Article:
I have the privilege of providing business coaching for dentists from all over the country. Over time, I’ve been able to identify some common misconceptions about running a dentistry practice that may seem intuitive, but in fact lead to counterproductive practices.
When you’re running a busy practice, time is your most valuable asset. But many dentists feel that in order to sustain and grow their business, they need to spend their time continually producing more and more dentistry while neglecting business management. Sometimes, dentists become so overwhelmed by the numbers that they simply abdicate the financial responsibilities to someone else. It may seem counterintuitive, but taking time to understand the core elements of your business is essential to sustainable growth.
Think about it. If you don’t have a grasp of what’s happening financially at the most basic levels of your practice, you won’t be able to make critical decisions that affect your...
This is my new series about the business side of owning a dental practice. Each week I will be posting a new video on specific topics of business and how It relates to dentistry. I will also be sharing the challenges that I see dentists facing. After reading this week's blog, don't forget to check out my video on this topic as well.
Now, if you are like many of the dentists that I speak with, things are a bit hectic and you are never able to get everything done. There is always a lot going on in a practice. I always say that dentistry has a lot of moving parts. It makes the day fly by and at times it seems to just slip away. It may seem that you never have that extra time to manage all the administrative tasks of your practice.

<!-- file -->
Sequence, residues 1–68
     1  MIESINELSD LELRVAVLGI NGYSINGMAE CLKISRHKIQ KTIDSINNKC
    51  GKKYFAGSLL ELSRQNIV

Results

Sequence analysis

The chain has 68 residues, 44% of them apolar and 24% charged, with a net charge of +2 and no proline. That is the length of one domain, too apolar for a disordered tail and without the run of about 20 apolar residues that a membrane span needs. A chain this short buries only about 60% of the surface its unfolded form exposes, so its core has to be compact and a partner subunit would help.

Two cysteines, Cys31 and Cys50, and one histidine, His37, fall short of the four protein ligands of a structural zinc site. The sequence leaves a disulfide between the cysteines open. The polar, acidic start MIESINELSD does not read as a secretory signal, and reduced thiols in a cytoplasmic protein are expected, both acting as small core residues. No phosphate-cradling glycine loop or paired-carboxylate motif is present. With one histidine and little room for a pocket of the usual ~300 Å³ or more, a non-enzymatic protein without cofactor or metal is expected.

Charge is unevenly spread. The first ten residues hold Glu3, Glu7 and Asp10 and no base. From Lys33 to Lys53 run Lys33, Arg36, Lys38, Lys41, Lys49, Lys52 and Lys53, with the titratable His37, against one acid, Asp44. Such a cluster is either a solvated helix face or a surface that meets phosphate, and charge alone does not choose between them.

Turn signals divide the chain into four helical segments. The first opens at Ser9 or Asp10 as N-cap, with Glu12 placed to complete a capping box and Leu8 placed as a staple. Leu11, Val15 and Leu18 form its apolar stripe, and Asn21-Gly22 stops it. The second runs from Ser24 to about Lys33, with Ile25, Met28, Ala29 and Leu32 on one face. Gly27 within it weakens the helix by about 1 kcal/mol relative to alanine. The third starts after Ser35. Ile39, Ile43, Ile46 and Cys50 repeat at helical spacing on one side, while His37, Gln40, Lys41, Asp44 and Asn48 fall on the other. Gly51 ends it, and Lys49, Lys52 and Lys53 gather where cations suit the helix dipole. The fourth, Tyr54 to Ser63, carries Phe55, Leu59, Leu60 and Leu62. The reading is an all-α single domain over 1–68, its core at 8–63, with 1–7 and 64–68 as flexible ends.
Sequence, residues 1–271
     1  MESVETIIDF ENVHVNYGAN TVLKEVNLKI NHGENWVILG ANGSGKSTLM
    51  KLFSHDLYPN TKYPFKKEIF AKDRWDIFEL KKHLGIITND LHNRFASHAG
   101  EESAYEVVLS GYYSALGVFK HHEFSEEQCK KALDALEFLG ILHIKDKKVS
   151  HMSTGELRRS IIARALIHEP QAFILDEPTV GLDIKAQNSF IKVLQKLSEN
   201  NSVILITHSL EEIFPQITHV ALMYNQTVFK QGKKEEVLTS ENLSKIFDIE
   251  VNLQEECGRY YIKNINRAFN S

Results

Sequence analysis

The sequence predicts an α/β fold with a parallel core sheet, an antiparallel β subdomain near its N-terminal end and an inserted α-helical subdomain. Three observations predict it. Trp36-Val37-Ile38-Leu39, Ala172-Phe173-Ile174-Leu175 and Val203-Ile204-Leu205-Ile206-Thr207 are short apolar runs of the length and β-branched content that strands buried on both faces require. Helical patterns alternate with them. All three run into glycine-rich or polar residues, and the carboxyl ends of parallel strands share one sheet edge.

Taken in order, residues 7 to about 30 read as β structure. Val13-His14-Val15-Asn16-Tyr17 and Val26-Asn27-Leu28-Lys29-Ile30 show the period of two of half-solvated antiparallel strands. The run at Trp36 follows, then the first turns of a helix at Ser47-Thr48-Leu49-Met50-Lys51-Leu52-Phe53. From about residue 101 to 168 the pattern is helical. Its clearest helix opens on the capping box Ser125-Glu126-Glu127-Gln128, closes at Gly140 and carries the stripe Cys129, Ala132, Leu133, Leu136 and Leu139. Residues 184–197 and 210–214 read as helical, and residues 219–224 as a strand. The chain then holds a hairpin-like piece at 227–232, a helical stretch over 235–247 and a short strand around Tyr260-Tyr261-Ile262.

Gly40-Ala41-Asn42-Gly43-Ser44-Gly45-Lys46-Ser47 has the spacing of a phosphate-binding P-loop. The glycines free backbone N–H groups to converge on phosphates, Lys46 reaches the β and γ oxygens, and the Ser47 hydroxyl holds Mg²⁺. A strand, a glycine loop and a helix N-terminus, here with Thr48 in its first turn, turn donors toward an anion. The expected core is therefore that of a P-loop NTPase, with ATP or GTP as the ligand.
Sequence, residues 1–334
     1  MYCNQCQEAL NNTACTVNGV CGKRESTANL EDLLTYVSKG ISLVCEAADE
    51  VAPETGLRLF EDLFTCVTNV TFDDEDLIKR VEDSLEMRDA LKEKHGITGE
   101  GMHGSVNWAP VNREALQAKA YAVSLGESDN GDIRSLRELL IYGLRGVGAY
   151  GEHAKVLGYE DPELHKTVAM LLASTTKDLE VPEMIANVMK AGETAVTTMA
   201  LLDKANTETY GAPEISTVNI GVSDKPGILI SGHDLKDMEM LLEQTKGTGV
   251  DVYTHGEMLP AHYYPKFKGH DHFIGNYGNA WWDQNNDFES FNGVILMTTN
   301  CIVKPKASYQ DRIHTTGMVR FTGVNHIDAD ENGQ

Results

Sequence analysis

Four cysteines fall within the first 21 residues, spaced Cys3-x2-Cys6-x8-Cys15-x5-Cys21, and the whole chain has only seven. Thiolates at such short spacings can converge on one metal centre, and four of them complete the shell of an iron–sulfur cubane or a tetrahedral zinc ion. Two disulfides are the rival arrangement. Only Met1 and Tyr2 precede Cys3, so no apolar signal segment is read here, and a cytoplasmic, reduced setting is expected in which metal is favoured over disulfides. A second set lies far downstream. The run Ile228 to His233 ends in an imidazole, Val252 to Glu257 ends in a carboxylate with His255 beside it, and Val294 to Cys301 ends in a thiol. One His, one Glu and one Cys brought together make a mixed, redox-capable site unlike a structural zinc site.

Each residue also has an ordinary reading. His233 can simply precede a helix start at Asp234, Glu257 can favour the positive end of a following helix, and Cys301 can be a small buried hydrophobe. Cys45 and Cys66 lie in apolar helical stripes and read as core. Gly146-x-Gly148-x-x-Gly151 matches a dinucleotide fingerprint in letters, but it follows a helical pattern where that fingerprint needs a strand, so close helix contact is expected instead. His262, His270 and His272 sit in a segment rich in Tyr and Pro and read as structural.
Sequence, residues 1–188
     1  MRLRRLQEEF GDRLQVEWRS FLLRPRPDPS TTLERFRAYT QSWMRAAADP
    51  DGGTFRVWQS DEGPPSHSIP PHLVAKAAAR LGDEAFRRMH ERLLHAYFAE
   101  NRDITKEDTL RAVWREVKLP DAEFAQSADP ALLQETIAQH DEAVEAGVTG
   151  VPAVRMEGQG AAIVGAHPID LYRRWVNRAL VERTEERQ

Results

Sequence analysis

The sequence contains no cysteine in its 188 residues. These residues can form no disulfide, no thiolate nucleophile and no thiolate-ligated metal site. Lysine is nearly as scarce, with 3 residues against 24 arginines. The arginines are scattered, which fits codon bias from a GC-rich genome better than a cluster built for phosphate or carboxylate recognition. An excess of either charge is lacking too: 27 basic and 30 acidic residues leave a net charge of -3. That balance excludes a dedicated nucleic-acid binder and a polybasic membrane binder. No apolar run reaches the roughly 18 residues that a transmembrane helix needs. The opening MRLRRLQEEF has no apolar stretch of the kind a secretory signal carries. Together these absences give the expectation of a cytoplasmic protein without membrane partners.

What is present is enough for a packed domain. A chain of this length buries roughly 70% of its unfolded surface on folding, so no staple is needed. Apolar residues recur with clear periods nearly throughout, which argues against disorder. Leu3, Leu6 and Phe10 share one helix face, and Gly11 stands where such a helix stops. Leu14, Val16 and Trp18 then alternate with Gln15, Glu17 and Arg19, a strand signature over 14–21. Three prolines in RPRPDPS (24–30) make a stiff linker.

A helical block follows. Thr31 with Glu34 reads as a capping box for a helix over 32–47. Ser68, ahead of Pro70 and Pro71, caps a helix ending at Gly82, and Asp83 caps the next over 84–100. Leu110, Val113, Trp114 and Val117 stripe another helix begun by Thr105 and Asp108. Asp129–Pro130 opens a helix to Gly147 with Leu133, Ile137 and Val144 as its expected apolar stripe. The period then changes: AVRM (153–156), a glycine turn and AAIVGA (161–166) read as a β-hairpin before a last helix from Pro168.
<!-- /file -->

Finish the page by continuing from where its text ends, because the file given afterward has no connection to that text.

My goal is to simplify the money management process in a dental practice. I do this by using the Profit First system. I help dentists to fully know where they stand in regards to their finances. I teach them how to pay themselves first, how to pay their...
One of the most important tips for business owners is to avoid temptation accounts. Now what exactly do we mean by that? Well, in this case, I'm talking about the temptation to borrow money from one account to fund another, or robbing Peter to pay Paul, as they say. While this may seem like a perfectly reasonable action, in reality, it means stealing for yourself to pay a bill or make a purchase for your business.
So what can we do to avoid this?
When an account is used for more than one purpose, it becomes too easy to pull additional funds from one purpose to cover for the other. To avoid this, the profit first model utilizes multiple bank accounts, each to hold money for one specific purpose. Another way to reduce the temptation to steal from the profit or tax account is to have different accounts set up at various banks across town so that it is harder to transfer money from Point A to Point B.
This temptation most often occurs when the operating expense account runs low...